1. Why did you want to be a golf course architect?
Put simply, it was the combination of landscape, sport and design. I played a lot of sport as a youngster but never at a level that could lead to a professional career. Golf came second to cricket and so I never really played competitively – it was more for the enjoyment of the game and playing in the natural landscape, which is why I think I focus so hard on making sure the game remains fun.
Golf’s ties with the landscape are certainly what draws me to the game. From school I studied Physical Geography at university and then Landscape Architecture; I’ve always had a love of art and design and so when I discovered a profession that combined that with landscape and golf, golf course architecture was an obvious path.
2. Which golf course architects do you admire and why?
As a landscape architecture student I was very interested in how space and landscape can affect us, and conversely how design can force our views, reactions and movement. No surprise then that Alister Mackenzie’s work on military camouflage and “artificial cover indistinguishable from nature” helped me feel I was heading in the right direction early in my career.
But it is Harry Colt – influenced by John Low and Stuart Paton’s changes at Woking – that I most admire as a golf architect. His body of work is almost unprecedented – and, I feel, often underappreciated – but it is more the influence he has had on the shape of golf as we know it. Working as a Club Secretary within a largely penal game in the early-20th Century, Colt came to understand the need for courses to be playable by all standards; that idea is the basis of the Strategic School which, by and large, is what makes golf such a fascinating and enjoyable game.
3. What is your proudest design achievement?
Not strictly design, but I’m most proud of the work I’ve done in guiding projects towards more sustainable solutions – be that in their design, maintenance and operation, or other areas. As with any industry, golf design and development has been through different ‘ages’ – from the Golden Age of the 1920s to that of mass earthworks of the 1980s and ‘90s. Today’s market might be considered the ‘Age of Sustainability’, and since it’s always been the basis of my work as a golf course architect it’s great to be part of that change.
4. What are your favourite three golf courses in the World from a design perspective, and why?
Difficult to choose on a global scale as many of the highest rated courses I’ve yet to see but, for different reasons, 3 close to home are :
5. What are the greatest challenges you face as a golf course architect?
Golf course development projects tend to be an endless list of challenges(!), but (as above) convincing clients to follow more sustainable development practices would certainly top the list in my career to date. That said, knowledge of the benefits have certainly increased in recent years, thanks in no small part to GEO who have made it a far more understood topic. It is also hugely encouraging that the R&A have acknowledged the importance of sustainability in golf development and management by launching the Golf Course 2030 initiative.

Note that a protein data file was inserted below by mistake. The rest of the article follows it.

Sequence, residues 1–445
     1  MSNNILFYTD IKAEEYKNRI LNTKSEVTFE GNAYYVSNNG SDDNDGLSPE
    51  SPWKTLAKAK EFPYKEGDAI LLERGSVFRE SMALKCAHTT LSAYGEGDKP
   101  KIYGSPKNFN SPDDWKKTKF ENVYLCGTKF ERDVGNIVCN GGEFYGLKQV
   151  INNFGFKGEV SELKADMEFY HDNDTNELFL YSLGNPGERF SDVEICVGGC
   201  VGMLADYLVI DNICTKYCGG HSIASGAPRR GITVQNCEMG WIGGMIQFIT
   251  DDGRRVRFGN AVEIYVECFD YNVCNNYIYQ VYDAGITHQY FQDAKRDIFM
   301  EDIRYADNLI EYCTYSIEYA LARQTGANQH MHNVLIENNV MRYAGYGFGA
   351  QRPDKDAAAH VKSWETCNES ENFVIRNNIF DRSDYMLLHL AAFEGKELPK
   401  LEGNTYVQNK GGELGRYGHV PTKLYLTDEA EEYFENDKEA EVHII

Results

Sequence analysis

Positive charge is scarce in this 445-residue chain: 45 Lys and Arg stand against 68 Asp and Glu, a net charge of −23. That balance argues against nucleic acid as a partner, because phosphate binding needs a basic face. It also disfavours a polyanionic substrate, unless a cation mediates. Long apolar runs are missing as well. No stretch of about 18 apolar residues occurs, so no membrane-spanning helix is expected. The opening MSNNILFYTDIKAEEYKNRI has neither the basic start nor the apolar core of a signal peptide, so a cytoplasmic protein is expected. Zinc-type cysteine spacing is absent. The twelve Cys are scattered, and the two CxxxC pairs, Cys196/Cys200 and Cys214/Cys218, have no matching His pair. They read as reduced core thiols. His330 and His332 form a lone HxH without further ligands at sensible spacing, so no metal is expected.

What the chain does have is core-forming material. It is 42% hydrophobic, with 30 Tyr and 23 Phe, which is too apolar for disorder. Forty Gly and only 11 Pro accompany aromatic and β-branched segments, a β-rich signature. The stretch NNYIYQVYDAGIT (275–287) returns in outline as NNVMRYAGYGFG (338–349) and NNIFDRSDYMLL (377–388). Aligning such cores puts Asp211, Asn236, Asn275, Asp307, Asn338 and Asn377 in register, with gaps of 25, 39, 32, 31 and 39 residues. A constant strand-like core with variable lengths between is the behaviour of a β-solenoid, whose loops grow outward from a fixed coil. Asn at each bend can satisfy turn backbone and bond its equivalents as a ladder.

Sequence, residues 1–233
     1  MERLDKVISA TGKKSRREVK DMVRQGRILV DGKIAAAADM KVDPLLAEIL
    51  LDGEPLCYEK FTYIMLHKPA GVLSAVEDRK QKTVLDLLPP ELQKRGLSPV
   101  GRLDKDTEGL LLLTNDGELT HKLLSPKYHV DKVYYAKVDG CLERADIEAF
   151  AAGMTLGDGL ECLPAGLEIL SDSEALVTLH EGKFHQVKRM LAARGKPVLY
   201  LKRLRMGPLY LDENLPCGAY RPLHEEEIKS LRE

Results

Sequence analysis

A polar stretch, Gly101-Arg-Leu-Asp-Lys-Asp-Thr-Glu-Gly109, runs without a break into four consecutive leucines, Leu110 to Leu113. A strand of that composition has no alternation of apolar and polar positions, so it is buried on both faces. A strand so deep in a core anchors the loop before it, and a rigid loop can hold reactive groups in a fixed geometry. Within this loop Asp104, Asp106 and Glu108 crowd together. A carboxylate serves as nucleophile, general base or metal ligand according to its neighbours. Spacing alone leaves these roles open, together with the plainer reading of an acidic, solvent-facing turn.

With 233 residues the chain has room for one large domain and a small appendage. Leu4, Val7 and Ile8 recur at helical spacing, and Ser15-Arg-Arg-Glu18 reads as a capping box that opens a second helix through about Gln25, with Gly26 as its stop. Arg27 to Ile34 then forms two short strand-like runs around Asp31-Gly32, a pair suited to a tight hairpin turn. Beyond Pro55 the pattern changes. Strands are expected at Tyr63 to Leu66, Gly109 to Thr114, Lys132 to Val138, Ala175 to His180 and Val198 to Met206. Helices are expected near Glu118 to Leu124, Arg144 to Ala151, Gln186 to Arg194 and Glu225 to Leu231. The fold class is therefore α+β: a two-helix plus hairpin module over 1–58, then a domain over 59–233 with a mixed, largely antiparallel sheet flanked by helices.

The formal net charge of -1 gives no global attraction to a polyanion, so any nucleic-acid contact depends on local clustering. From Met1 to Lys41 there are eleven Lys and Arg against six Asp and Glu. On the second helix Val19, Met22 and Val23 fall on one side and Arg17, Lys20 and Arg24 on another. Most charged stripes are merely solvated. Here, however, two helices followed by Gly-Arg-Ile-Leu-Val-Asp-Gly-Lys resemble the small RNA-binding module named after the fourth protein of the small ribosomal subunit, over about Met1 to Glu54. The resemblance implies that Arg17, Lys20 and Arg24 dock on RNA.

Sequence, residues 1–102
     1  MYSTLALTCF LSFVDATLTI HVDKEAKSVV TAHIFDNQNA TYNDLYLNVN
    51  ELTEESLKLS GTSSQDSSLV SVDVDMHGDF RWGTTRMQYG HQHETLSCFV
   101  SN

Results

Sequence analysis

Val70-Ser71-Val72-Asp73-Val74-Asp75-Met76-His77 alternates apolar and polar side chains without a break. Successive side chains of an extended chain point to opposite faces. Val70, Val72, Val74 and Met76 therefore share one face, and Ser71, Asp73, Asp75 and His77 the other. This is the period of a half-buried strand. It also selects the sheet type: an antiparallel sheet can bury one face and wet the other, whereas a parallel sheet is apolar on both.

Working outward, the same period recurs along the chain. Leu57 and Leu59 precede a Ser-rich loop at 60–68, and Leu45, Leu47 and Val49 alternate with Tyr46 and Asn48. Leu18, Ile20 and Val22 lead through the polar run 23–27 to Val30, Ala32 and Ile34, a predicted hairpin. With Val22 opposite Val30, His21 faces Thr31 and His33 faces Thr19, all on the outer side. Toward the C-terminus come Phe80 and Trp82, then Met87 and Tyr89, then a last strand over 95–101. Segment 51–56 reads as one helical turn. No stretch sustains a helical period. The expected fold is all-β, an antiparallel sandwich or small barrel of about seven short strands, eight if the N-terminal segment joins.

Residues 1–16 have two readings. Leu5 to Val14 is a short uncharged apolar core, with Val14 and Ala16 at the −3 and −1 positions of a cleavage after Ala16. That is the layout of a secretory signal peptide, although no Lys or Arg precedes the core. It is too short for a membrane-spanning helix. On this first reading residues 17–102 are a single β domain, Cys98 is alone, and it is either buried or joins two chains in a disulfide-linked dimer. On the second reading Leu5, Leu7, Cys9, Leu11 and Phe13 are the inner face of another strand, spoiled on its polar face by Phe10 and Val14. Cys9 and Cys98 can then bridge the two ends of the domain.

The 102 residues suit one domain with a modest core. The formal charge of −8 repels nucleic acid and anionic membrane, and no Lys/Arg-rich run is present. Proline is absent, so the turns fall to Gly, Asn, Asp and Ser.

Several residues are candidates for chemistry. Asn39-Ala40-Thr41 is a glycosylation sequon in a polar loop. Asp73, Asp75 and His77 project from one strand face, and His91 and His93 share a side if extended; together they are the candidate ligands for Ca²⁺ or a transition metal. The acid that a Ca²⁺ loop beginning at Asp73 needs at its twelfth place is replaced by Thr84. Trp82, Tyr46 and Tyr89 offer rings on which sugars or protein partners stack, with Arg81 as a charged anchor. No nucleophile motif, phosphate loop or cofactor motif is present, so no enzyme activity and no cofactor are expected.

6. What environmental or sustainable initiatives have you incorporated into your designs?
Sustainable development’s greatest strength is that it doesn’t have just one focus – and finding a balance between the environment and other contributing factors just seems like common sense to me.
Using existing qualities of a site, its environment and the local culture are a simple but incredibly important part of that process, not least because they are already intricately linked. Enhancing those inherent qualities help a project or course retain its unique sense of place and provide tangible environmental, social and economic benefits.
Use of water is always a high priority consideration – so, for example, native grass and landscape selection, minimising irrigated areas and water harvesting each contribute to minimising each project’s requirement. And including local resources for projects – from local workers to building materials – ensure they become an important part of their community.
7. How do you see the golf course design industry changing in the next 20 years?
Golf desperately needs to be a broader church. Its origins as a game with no strict format changed to such an extent that until only recently, 18 holes was the aspiration for almost every project. That will change – rapidly, I hope – with the understanding of the value of different forms of the game. Shorter courses and playing formats other than strokeplay will find greater acceptance, in large part because they provide a quicker, easier and, for many, more enjoyable form of entertainment. That is, after all, what this game exists for!
8. What makes a golf course great rather than just good?
Put simply, balance and variety are the key factors – in all aspects of the course. Golf courses are distinguishable by tee boxes, fairways, bunkers and greens; most will have some element of strategy and all sit in some type of landscape. But the beauty of golf is that each course is subject to the randomness of nature; to make them great they must balance all of their individual elements visually within the landscape, and also within the context of the sport.
9. What advice would you give to an aspiring golf course architect?
10. What do you enjoy about being a golf course architect?
I love the creativity my role affords me. Drawing influence from multiple sources – within and outside golf – to develop conceptual design ideas is a lot of fun, and particularly so for non-traditional forms of the game in recent years. And having developed an early interest in sustainable development at school and then university, it is incredibly satisfying to be following through with it as part of my career.
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